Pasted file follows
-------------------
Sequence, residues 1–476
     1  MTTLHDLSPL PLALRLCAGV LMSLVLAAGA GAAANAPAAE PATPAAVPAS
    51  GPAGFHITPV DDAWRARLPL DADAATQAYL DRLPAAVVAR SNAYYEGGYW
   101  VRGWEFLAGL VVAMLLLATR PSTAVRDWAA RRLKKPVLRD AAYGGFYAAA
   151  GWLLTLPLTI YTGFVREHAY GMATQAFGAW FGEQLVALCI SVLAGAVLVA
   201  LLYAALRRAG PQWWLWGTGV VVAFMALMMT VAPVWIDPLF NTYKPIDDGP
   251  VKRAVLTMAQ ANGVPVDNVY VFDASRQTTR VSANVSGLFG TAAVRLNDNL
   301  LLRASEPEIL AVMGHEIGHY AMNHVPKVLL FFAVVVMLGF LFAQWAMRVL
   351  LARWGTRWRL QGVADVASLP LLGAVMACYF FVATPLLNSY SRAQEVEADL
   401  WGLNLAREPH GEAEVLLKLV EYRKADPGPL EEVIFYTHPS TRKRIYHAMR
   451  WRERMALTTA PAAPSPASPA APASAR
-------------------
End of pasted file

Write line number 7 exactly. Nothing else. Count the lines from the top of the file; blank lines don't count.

   251  VKRAVLTMAQ ANGVPVDNVY VFDASRQTTR VSANVSGLFG TAAVRLNDNL